And Mara wrung his hands in anguish, and he cried: “What have I done that this man should defeat me? I have often been kind and generous! And he, what proof has he given of his generosity? What sacrifices has he made? Who will bear witness to his kindness?” Whereupon a voice came out of the earth, and it said: “I will bear witness to his generosity.” Mara was struck dumb with astonishment. The voice continued: “Yes, I, the Earth, I, the mother of all beings, will bear witness to his generosity. A hundred times, a thousand times, in the course of his previous existences, his hands, his eyes, his head, his whole body have been at the service of others. And in the course of this existence, which will be the last, he will destroy old age, sickness and death. As he excels you in strength, Mara, even so does he surpass you in generosity.”

Nothing had disturbed the hero’s meditation, and, in the first watch of the night, he arrived at the knowledge of all that had transpired in previous existences. In the second watch, he learned the present state of all beings. In the third, he understood the chain of causes and effects. And the hero thought: “How miserable is this world that is born, grows old and dies, then is reborn only to grow old and die again! And man knows no way out!” And in profound meditation, he said to himself: “What is the cause of old age and death? There is old age and death because there is birth. There is birth because there is existence. There is existence because there are ties. There are ties because there is desire. There is desire because there is sensation. There is sensation because there is contact. There is contact because there are six senses. There are six senses because there is name and form. There is name and form because there is perception. There is perception because there is impression. There is impression because there is ignorance.”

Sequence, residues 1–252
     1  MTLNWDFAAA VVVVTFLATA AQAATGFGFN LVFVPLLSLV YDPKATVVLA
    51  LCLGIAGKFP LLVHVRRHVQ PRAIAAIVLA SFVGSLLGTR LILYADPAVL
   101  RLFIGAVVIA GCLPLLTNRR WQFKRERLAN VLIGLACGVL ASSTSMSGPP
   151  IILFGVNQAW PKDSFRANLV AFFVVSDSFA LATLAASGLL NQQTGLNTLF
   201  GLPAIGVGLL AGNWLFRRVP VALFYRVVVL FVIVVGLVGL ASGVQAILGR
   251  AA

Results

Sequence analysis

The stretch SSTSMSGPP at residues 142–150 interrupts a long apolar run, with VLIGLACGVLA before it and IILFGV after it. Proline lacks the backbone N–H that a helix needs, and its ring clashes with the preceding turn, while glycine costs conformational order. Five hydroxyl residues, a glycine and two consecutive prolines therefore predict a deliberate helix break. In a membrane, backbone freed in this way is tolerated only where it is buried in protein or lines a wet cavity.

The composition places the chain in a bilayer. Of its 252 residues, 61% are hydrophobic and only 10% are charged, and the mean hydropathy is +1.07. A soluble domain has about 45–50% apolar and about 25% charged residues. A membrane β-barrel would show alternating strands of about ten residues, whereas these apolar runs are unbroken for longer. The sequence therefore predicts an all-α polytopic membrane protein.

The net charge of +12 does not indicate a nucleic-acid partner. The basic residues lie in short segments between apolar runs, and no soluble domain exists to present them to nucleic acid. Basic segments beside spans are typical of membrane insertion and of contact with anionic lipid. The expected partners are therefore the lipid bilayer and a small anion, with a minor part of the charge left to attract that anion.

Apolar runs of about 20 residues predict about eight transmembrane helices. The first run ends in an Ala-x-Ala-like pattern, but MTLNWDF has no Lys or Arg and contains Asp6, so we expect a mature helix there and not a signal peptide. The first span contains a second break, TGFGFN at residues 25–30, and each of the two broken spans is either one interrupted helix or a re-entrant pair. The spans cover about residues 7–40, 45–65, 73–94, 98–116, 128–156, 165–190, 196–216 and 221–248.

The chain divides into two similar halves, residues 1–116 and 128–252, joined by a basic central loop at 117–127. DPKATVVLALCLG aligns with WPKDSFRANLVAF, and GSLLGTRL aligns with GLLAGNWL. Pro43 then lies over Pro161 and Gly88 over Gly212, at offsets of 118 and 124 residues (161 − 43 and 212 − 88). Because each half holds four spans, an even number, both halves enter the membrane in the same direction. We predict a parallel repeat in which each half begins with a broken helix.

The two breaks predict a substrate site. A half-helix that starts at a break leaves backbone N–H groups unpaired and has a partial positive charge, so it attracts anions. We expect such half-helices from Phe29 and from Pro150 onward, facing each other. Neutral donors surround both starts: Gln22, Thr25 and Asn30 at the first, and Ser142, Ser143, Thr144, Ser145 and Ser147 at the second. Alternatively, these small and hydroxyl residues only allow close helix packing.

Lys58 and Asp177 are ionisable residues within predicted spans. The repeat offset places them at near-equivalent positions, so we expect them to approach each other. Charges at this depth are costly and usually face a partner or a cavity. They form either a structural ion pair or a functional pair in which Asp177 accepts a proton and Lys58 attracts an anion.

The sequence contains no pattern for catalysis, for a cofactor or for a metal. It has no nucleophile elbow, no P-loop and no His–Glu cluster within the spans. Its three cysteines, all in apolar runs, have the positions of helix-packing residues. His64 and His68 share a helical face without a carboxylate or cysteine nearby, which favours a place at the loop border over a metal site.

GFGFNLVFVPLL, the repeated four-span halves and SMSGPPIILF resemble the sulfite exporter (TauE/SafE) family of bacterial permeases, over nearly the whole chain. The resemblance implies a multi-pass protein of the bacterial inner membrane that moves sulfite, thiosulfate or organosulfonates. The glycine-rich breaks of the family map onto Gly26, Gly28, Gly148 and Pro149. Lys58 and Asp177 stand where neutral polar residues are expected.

And he thought: “Thus does ignorance lie at the root of death, of old age, of suffering, of despair. To suppress ignorance is to suppress impression. To suppress impression is to suppress perception. To suppress perception is to suppress name and form. To suppress name and form is to suppress the six senses. To suppress the six senses is to suppress contact. To suppress contact is to suppress sensation. To suppress sensation is to suppress desire. To suppress desire is to suppress ties. To suppress ties is to suppress existence. To suppress existence is to suppress birth. To suppress birth is to suppress old age and death. To exist is to suffer. Desire leads from birth to rebirth, from suffering to further suffering. By stifling desire, we prevent birth, we prevent suffering. By leading a life of holiness, desire is stifled, and we cease to endure birth and suffering.”

When dawn appeared, this most noble of men was a Buddha. He exclaimed: “I have had numerous births. In vain have I sought the builder of the house. Oh, the torment of perpetual rebirth! But I have seen you at last, O builder of the house. You no longer build the house. The rafters are broken; the old walls are down. The ancient mountain crumbles; the mind attains to nirvana; birth is no more for desire is no more.” Twelve times the earth shook; the world was like a great flower. The Gods sang: “He has come, he who brings light into the world; he has come, he who protects the world! Long blinded, the eye of the world has opened, and the eye of the world is dazzled by the light. O conqueror, you will give all beings that which they hunger after. Guided by the sublime light of the law, all creatures will reach the shores of deliverance. You hold the lamp; go now and dispel the darkness!”

Image Attribution: The image above, sourced from Wikimedia Commons, shows Mara attacking the Buddha just before he attains Enlightenment. It is based on a mural from Wat Tha Suthawat, in central Thailand, and was uploaded by Hdamm.